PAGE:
Bariatric surgeries are used increasingly to treat overweight and obese patients who have clinically relevant signs and symptoms. Approximately 252,000 bariatric surgeries were performed in the United States in 2018. These procedures can be successful in reversing many adverse syndromes associated with obesity (including type II diabetes, hypertension, joint pain, obstructive sleep apnea, hyperlipidemia, and coronary artery disease ), but there are risks and complications to consider, such as the exacerbation of preexisting nutritional deficiencies and the development of new ones. Some deficiencies present soon after surgery, but the late presentation of nutritional deficiencies can contribute to poor outcomes or devastating complications. Bariatric surgeries that use a restrictive technique may lead to nutritional deficiencies due to low intake, whereas restrictive surgeries combined with malabsorptive techniques, such as Roux-en-Y gastric bypass (RYGB), may lead to nutritional deficiencies due to either low intake or malabsorption. Therefore, long-term monitoring for nutritional deficiencies is indicated following gastric bypass surgeries.
Quick Answers for Clinicians
Bariatric surgeries can be classified as restrictive or malabsorptive. Restrictive procedures reduce the volume or capacity of the stomach. Malabsorptive procedures reduce the amount of calories absorbed by altering the flow of the food. Sleeve gastrectomy (SG) and Roux-en-Y gastric bypass (RYGB) are the most popular surgeries. SG is a restrictive procedure; RYGB is a dual malabsorptive and restrictive technique. Adjustable gastric binding (AGB) and biliopancreatic diversion (BPD) are also available but account for only a small percentage of bariatric surgeries.
Individuals being considered for bariatric surgery should have a preoperative nutritional assessment to identify deficiencies that may predispose them to higher risk of nutritional deficiencies postsurgery. When possible, these deficiencies should be corrected before surgery. Common testing includes tests for vitamins, folate (ie, vitamin B9), iron, ferritin, and calcium concentrations. See Laboratory Testing for full list of testing to consider.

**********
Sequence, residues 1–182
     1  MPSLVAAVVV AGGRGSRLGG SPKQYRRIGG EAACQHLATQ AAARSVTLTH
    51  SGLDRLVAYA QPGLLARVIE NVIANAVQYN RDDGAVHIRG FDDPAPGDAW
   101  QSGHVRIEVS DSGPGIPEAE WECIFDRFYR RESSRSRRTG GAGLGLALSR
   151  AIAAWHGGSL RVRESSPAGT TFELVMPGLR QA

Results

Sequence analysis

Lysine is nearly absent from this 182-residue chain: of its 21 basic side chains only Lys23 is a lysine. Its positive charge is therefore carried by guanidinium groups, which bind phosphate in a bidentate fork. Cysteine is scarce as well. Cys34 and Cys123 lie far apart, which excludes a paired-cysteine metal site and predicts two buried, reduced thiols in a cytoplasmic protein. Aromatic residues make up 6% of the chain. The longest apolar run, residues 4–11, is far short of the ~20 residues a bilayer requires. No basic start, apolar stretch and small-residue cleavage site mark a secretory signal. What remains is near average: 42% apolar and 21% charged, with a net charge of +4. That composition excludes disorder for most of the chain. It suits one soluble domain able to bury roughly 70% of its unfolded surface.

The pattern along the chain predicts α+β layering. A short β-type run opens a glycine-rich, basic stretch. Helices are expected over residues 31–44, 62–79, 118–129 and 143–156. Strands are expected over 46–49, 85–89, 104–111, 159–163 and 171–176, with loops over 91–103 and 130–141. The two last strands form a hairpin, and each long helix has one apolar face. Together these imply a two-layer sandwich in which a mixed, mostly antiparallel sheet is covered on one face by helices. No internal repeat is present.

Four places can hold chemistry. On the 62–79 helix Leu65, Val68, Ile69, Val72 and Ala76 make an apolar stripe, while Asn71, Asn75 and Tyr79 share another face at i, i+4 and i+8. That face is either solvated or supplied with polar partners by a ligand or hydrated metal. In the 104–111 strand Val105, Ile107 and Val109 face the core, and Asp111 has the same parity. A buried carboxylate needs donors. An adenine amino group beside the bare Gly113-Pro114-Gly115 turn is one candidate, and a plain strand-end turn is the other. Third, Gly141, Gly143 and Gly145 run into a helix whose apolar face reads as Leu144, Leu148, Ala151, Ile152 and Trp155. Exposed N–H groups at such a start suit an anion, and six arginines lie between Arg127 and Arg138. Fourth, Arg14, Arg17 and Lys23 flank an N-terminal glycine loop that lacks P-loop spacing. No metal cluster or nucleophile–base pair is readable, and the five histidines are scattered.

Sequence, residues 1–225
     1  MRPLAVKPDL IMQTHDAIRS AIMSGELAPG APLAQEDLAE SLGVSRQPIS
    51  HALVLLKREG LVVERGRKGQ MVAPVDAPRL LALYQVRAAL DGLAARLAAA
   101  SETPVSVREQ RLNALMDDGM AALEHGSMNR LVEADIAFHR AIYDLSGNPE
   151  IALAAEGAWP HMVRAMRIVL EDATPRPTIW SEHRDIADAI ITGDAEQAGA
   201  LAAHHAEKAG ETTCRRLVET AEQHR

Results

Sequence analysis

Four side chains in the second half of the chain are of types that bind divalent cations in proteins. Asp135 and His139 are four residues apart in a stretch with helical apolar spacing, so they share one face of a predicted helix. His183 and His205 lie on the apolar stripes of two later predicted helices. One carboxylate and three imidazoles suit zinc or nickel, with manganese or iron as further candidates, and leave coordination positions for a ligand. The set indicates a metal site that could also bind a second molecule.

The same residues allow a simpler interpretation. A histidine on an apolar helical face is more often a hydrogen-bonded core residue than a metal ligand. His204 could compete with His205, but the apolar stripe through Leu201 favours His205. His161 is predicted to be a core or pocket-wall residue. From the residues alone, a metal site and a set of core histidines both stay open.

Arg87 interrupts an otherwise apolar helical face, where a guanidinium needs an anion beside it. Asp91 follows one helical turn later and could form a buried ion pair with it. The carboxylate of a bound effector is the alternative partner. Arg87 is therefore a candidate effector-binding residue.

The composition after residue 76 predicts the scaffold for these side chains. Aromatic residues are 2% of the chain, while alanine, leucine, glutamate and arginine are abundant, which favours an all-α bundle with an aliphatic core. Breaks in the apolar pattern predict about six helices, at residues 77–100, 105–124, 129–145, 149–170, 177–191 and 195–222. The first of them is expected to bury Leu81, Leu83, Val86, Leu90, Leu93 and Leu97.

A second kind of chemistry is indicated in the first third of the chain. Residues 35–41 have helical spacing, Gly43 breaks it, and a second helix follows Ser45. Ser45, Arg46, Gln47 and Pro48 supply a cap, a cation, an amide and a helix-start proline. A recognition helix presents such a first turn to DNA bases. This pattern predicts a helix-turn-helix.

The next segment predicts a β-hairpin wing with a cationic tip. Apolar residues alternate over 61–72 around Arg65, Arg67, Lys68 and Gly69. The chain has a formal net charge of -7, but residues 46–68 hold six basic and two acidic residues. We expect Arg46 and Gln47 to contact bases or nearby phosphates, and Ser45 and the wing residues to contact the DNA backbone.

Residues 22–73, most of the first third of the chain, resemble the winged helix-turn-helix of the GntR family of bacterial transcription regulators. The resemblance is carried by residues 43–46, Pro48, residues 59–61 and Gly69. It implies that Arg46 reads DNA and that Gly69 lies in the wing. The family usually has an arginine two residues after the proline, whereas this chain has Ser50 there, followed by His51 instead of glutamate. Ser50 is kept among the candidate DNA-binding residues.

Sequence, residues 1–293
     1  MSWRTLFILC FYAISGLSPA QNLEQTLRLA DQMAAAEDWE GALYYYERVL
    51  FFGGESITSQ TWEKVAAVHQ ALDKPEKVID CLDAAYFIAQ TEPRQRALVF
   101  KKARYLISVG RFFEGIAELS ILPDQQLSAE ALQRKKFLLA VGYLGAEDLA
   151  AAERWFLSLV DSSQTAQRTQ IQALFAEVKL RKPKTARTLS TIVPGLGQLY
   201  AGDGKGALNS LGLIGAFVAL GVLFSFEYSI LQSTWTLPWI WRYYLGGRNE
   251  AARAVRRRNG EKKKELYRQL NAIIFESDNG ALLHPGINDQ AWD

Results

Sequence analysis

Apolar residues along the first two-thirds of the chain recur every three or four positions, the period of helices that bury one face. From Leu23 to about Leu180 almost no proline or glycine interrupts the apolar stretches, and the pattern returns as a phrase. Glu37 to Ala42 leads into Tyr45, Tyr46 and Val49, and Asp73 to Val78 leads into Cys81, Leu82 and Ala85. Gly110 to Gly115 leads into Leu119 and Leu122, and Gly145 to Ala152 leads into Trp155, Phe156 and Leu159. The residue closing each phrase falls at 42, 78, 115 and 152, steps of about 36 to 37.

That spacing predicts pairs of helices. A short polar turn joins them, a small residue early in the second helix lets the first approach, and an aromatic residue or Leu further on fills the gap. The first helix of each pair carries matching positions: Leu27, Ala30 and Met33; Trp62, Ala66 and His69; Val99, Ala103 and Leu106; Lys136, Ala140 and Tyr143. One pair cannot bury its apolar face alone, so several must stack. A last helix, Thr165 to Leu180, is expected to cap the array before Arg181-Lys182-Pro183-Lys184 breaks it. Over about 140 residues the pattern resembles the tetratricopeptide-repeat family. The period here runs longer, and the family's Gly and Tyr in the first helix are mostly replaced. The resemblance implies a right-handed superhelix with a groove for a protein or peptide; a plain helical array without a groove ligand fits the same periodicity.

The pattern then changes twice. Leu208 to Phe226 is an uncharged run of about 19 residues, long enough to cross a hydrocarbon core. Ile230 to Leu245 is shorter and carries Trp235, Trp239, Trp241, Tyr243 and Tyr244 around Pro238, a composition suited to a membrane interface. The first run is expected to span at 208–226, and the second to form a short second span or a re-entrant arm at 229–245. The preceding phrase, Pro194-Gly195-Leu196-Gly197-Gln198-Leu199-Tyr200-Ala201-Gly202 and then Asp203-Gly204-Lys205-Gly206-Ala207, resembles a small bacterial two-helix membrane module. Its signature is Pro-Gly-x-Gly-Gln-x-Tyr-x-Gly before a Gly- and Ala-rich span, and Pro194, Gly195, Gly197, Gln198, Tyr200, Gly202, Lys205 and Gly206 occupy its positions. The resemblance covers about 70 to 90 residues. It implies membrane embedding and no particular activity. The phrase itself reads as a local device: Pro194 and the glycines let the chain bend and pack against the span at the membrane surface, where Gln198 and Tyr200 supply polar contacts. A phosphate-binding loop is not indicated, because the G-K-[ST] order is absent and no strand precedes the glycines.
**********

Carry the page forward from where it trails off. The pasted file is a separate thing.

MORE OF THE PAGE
The same tests used for preoperative assessment are also used postsurgery. The biochemical and nutritional testing schedule varies depending on the type of surgery. Refer to the tables in Monitoring for full schedules.
Indications for Testing
Individuals should be assessed for nutritional status before bariatric surgery and should continue to be monitored postsurgery for nutritional deficiencies.
Individuals being considered for bariatric surgery should have baseline biochemical and nutritional testing performed to identify deficiencies that may predispose them to a higher risk of deficiencies after surgery; deficiencies should be corrected before surgery when possible. Testing for the following micronutrients should be considered.
Vitamin D and calcium levels should be assessed. Vitamin D, 25-hydroxy is a marker of vitamin D stores in the body and is the preferred test. Vitamin D, 1,25 dihydroxy is indicated for renal disease and other special situations and is less commonly used. Calcium may be reduced due to changes in food preferences. Calcium status can be assessed by measuring levels of ionized calcium in serum or whole blood, whereas urinary calcium (24-hour levels) can identify hypocalcuria.
Vitamin B1 should be measured to evaluate patients for thiamine deficiency. Whole blood specimens are required for accurate analysis. Patients should also be assessed for vitamin B12 deficiency, which may take longer to present due to the body’s ability to maintain large stores of the vitamin. B12 deficiency may result from intrinsic factor decrease and loss of absorptive surface. A serum methyl malonic acid (MMA) test is the recommended test for vitamin B12 deficiency.
Patients should be evaluated for folate (B9) deficiency, which is rarely seen due to consumption of fortified foods. Tests for vitamins A, E, and K should be considered as well.
Recommended mineral testing includes zinc testing and iron studies. Zinc deficiency is common in patients with obesity and may be linked to metabolic syndrome. Iron studies include laboratory tests for iron, iron binding capacity, and ferritin. Iron deficiency may be present before surgery and may be exacerbated by the loss of absorptive surface and/or changes in food preferences. Ferritin testing can be used to evaluate patients for iron deficiency anemia. Ferritin is the most sensitive marker for iron deficiency anemia, but it may be affected by inflammation. Iron and iron binding capacity testing should be used periodically to verify accuracy of ferritin testing; however, this testing is not as sensitive as ferritin testing.
Copper, magnesium, and phosphorous tests should be considered as well.
The postoperative schedule for biochemical and nutritional testing is based on type of surgery: sleeve gastrectomy (SG) or RYGB.
|Analyte||Time Postsurgery (mos)|
|aEvery 2-5 yrs.|
ARUP Laboratory Tests
Quantitative Liquid Chromatography-Tandem Mass Spectrometry
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